6. #16
    Join Date
    Feb 2007
    Sunny Arizona

    Default Re: Very close to giving in!!

    Your supply does decrease a little towards the end of the day but you will still be able to feed her. Honestly unless there is a specific reason on why you're pumping I would just stop. It's a lot of extra work for you, and could be leading to nipple confusion. It sounds like your supply is well established and unless you're trying to build a milk stash for your return to work, pumping isn't necessary. Even if you are trying to build a stash you could take a couple weeks off just to help get things settled with her, then start back up again.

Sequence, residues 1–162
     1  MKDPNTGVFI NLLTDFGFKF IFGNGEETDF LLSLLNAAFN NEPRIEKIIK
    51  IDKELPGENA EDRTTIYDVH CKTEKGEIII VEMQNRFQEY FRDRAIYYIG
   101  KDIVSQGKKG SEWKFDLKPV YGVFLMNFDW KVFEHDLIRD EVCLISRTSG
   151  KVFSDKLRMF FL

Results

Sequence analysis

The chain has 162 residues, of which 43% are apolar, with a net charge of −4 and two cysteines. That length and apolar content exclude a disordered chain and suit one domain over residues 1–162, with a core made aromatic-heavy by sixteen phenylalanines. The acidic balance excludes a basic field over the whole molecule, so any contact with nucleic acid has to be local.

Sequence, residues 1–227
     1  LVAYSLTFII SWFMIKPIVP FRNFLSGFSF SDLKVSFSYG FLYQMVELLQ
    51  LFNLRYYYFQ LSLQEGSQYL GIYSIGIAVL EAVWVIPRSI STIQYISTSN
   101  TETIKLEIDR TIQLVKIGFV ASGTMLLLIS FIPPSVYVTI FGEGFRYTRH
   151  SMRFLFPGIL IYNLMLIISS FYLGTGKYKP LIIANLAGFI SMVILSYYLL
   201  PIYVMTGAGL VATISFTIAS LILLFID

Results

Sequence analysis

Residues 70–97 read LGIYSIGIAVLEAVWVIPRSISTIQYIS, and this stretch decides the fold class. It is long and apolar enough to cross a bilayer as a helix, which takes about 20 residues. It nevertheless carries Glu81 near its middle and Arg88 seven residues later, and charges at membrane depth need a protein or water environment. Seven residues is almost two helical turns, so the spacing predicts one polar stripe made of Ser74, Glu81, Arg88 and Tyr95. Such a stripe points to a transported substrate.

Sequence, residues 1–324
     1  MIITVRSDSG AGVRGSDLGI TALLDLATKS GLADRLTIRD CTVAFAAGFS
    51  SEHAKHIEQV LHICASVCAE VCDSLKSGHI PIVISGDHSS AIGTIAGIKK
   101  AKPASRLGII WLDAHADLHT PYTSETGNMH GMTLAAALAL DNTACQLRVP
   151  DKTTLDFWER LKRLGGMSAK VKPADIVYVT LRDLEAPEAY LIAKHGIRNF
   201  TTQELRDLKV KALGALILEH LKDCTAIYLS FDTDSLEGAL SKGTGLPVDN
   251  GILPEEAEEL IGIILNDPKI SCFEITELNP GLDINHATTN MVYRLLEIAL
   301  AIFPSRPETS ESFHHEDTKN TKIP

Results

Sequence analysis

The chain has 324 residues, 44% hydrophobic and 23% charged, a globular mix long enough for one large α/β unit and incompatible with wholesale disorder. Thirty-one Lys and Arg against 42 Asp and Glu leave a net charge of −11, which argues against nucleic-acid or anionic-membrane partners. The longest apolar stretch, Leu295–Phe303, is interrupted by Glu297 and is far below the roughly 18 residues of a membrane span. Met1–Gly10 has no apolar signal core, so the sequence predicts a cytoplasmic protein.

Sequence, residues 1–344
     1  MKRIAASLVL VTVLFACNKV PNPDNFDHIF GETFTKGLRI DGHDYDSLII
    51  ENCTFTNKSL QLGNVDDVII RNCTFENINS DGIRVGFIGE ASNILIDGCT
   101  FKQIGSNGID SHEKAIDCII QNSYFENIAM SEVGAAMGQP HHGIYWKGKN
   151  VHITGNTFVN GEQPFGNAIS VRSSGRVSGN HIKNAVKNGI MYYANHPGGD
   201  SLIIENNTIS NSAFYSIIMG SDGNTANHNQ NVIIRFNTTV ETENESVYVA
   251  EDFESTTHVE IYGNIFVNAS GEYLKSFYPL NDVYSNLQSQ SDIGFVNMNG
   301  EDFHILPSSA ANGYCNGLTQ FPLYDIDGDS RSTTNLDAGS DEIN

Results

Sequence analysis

Did you notice any new hunger cues from that list a previous poster gave? It does sound like she's just getting over-hungry and getting worked up. Do you have any friends or family that have sucessfully BFed that could come and observe the situation? Sometimes a fresh set of eyes will see something that we would never think to mention to you. A LLL leader or a lactation consultant would be a good options too.

    You'll figure it out mama, just keep fighting the good fight

    ETA: It might help to stop watching the clock and just feed her when you notice her hunger cues. Usually putting anything in the mouth is a hunger cue at that age.

    Amy married to my bestfriend since 10/30/04

    Proud SAHM to DS born 2/17/07 and DD born 9/11/08 Both weaned together 11/2011